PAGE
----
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January 14, 2010

Popular Mechanics Follows Avalanche Patrolers

Cool Article on Avalanche Patrolers in Popular Mechanics:

The bomb is the size of a soup can, bright orange, stuffed with two pounds of pentolite—a chalky mixture of TNT and an even more powerful explosive compound known as PETN. Ross Titilah, a 31-year-old ski patroller at Big Sky Resort in southern Montana, ties the bomb to one end of a short nylon rope and triggers the igniter. Ninety seconds until detonation. The other end of the rope is attached to what’s known as a bomb tram—a sort of ski lift for explosives that stretches from one fin of rock to another high above the entrance to a steep gully in Big Sky’s experts-only area...

Big Sky is one of the more awe-inspiring resorts in North America, centered around a solitary pyramidal mountain—Lone Peak—which can be skied right from the summit. I arrived following one of the winter’s biggest storms, which dropped more than a foot of snow amid fierce winds. The easiest thing to do, when faced with an unstable snowpack, is simply keep most of the mountain closed. Sometimes this happens. But a patroller’s job is a tricky juggle between mitigating natural dangers and satiating skiers’ desires. To an avid skier or snowboarder, there’s nothing more joyful than flying through steep, untracked snow—precisely the scenario that’s most uncertain in terms of stability. The compromise is that, after a storm, the patrol activates the most slide-prone areas by detonating powerful explosives.

High on the flanks of Lone Peak, in the moments before the bomb hanging from the tram is set to explode, Ross and Steve instinctively scan the surrounding slopes, reading the terrain with practiced eyes. “Flagged there,” says Ross, indicating a line of evergreens whose branches have been sheared off on one side where previous avalanches have swept close by. “Point release,” Steve says, motioning with his chin to a spot where a cliff band, warmed by the rising sun, is naturally shedding the new powder, sloughing little waterfalls of snow.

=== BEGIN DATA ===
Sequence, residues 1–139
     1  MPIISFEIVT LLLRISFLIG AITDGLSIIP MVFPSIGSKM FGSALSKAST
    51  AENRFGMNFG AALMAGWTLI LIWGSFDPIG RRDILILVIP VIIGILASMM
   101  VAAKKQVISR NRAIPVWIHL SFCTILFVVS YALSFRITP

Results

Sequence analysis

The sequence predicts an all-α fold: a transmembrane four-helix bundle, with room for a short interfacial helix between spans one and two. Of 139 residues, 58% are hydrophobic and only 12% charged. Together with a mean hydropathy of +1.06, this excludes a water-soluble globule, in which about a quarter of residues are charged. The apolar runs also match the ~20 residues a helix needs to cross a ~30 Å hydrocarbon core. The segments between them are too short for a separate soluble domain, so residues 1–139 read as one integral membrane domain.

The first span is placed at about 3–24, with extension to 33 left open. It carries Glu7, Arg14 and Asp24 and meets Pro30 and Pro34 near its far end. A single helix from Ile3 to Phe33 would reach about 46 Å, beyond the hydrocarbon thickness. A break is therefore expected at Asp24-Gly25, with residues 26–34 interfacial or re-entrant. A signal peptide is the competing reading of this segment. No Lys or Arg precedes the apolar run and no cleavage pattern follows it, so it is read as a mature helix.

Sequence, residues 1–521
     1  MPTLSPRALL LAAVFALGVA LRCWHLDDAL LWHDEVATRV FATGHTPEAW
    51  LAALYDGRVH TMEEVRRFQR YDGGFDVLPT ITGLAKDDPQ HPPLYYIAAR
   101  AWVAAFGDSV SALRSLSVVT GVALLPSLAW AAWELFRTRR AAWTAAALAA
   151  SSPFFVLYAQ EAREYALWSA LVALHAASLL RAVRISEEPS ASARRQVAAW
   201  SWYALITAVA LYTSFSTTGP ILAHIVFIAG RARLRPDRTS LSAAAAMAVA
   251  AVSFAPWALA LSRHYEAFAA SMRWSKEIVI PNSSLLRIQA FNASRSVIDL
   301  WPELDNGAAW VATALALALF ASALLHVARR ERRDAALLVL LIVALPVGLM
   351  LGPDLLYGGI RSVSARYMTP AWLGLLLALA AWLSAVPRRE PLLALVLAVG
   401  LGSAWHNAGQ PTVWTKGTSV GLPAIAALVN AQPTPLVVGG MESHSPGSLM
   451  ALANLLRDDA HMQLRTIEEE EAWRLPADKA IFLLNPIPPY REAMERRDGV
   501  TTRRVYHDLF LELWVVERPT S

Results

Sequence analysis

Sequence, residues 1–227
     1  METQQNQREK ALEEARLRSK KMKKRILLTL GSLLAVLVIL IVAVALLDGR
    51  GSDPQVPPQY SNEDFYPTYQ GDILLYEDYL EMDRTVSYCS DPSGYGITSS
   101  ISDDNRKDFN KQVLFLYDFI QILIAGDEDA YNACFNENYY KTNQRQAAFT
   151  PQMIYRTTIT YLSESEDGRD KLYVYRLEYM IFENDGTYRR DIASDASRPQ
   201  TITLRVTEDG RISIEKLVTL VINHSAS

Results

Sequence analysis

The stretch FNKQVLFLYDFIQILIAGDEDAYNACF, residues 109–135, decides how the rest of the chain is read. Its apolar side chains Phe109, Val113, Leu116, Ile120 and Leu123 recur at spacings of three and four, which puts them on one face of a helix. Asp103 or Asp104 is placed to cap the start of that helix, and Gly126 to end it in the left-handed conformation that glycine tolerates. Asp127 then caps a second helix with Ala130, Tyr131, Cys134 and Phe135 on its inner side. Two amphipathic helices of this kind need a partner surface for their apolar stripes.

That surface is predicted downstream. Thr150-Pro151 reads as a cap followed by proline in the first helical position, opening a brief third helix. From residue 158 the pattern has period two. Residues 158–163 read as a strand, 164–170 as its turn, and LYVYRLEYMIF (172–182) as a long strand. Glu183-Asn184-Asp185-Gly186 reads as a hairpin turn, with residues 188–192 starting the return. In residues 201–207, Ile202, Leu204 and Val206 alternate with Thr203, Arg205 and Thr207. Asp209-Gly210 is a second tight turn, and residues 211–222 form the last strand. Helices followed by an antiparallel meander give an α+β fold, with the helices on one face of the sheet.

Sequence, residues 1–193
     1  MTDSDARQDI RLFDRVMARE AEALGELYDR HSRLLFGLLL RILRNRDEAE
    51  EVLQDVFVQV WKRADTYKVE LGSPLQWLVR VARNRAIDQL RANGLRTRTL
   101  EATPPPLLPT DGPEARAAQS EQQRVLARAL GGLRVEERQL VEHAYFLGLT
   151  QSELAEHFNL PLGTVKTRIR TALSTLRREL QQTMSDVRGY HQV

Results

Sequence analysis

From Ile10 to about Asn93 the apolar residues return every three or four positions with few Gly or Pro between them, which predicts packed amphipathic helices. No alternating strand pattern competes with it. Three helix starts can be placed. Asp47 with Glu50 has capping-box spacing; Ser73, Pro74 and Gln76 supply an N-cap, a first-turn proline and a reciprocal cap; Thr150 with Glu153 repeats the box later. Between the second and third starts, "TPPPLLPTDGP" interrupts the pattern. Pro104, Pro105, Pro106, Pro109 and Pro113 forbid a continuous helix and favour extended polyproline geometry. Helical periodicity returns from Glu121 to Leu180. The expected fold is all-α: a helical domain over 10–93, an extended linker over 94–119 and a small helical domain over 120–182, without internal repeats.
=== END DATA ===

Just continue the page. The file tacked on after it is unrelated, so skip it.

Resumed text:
There’s a flash, and a bang—and, for a second, nothing. Then, from down in the gully comes a loud and disconcerting whooomp, as if an overloaded bookshelf has snapped its supports and dropped onto the shelf below it, which is close to what has happened. Abruptly, what had looked like an inviting ski run is transformed into a tumbling, churning mass of snow, blasting down the hill—avalanches often exceed 90 miles per hour—leaving in its wake a billowing cloud of snow mist, gorgeous and daunting at once.

This is a relatively small slide. The vertical crown face at the top of the avalanche path—which indicates the depth of the snow slab that broke away—is only a foot tall. Some slides at Big Sky have 13-foot crowns. Still, it’s easy to see how, if a skier is caught in an avalanche, escape is virtually impossible. Once the slide is over, though, the slope is considerably safer; it’s like a rubber band that has snapped, its tension dissipated.

Have a quick read. Interesting stuff about the folks that keep us safe.

Posted by Justin at January 14, 2010 03:11 PM